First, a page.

UNS Energy, which owns Tucson Electric Power, said the measure would have raised the average residential customer bill by $500 annually and the average commercial bill by more than $3,000 annually, according to Utility Dive. Proposition 127 might have also forced Arizona Public Service Co. (APS) to close its Palo Verde Nuclear Generating Station and lay off more than 3,000 workers.

APS’s CEO Don Brandt told Arizona Republic the company would seek public input regarding its plans for renewable energy.

“The campaign is over, but we want to continue the conversation with Arizonans about clean energy and identify specific opportunities for APS to build energy infrastructure that will position Arizona for the future,” Brandt said.

Two measures in Nevada received mixed results. The state’s Question 3, the Energy Choice Initiative, failed by a large margin, according to the Reno Gazette-Journal. The constitutional amendment would have allowed Nevadans to purchase energy from an open electricity market, doing away with NV Energy’s regulated energy monopoly.

“A multimillion-dollar campaign clash over the proposed constitutional amendment flooded Nevada’s airwaves with competing claims about how much the measure could cost ratepayers and what impacts it might have on the state’s rooftop solar providers,” writes James DeHaven of the Reno Gazette-Journal.

However, Nevada voters overwhelmingly passed Question 6, a renewable energy initiative. The measure requires electricity providers to get at least 50 percent of the state’s electricity from renewable sources like solar, wind and geothermal by the year 2030. Its passage doesn’t mean it is law, though. Due to Nevada law, constitutional amendments must pass in two consecutive elections, so the ultimate fate of Question 6 will be up to voters in 2020.

Meanwhile, supporters of renewable energy celebrated over key governors races, according to Utility Dive.

In Illinois, Democrat Governor-elect J.B. Pritzker wants to double the current 25 percent renewable standard by 2025, and then have 100 percent renewables by 2050.

“Illinois currently gets about 6% of its power from renewables, and it remains unclear how Pritzker will square his plan with the state’s nuclear fleet, which currently provides the state with more than half of its electricity,” Utility Dive’s Gavin Bade writes.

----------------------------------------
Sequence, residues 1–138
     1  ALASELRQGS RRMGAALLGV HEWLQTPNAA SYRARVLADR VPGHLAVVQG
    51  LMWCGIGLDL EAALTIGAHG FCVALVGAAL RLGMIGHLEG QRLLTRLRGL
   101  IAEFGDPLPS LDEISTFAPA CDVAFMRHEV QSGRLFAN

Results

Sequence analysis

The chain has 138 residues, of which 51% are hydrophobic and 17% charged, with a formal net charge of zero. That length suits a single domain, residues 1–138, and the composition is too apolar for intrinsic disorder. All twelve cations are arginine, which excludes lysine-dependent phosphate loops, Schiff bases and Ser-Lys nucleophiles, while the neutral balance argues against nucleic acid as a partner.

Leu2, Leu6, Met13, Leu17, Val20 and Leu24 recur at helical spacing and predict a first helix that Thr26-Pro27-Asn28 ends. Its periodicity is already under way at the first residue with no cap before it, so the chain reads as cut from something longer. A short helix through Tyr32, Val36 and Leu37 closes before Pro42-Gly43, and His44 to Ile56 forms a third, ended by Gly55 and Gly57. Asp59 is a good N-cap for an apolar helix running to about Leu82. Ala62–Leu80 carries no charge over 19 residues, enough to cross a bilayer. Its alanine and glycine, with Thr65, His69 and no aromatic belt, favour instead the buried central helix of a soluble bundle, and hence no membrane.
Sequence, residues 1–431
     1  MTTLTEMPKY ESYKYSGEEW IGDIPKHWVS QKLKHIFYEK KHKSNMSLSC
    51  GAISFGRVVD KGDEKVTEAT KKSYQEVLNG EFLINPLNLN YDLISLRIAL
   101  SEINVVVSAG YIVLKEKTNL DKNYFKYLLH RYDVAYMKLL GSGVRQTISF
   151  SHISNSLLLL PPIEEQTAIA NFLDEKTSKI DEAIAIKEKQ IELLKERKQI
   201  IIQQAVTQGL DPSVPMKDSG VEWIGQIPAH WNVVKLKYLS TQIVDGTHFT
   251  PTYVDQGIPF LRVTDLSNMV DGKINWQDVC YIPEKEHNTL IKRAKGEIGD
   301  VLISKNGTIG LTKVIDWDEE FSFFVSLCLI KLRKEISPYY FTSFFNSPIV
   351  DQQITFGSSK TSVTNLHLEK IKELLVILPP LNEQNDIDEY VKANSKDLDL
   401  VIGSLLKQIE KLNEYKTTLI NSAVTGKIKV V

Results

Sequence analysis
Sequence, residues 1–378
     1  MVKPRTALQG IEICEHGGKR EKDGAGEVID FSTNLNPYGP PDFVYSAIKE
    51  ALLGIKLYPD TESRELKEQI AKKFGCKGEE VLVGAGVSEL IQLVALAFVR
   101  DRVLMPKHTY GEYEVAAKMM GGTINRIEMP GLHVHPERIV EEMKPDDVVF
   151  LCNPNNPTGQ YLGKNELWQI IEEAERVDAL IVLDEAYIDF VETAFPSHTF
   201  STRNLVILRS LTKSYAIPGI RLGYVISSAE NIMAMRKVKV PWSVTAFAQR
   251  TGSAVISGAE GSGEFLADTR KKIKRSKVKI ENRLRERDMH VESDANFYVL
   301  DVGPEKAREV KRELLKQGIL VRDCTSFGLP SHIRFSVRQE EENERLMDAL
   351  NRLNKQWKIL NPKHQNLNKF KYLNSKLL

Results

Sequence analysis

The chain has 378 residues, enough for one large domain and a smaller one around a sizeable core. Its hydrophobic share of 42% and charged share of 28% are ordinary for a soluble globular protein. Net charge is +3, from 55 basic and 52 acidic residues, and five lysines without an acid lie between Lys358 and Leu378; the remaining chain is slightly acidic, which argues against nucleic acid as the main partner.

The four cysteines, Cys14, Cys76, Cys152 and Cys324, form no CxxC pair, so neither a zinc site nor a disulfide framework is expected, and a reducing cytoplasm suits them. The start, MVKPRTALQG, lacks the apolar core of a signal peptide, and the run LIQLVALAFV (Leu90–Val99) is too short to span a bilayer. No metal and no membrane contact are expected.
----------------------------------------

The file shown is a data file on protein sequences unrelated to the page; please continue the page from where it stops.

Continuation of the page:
Democrat Governor-elect Jared Polis in Colorado is calling for 100 percent renewable energy by 2040; Democrat Governor-elect Michelle Lujan Grisham in New Mexico wants 50 percent renewables by 2030 and 80 percent by 2040; Democrat Governor-elect Janet Mills in Maine endorses a 100 percent clean energy goal by 2050 and advocates expanding distributed generation; and Democrat Governor-elect Steve Sisolak in Nevada supported the renewables ballot initiative and is now advocating for the constitutional amendment.

“In each of those states, the newly elected governors will come into office with one-party rule—Democrats controlling both houses of the state legislatures—which may make it easier to enact their energy agendas,” Bade writes. “If that happens, it could mean fewer costly fights over clean energy ballot initiatives in the future, which delivered mixed results Tuesday night.”

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20 Electrical Products Business Ideas in 2018

Introducing 20 Electrical Products Business Ideas in 2018.
Start your own business in Electrical manufacturing industry.
Like, share and subscribe young entrepreneurs forum to get future videos.

Carefree by Kevin MacLeod is licensed under a Creative Commons Attribution license (https://creativecommons.org/licenses/by/4.0/)
Source: http://incompetech.com/music/royalty-free/index.html?isrc=USUAN1400037
Artist: http://incompetech.com/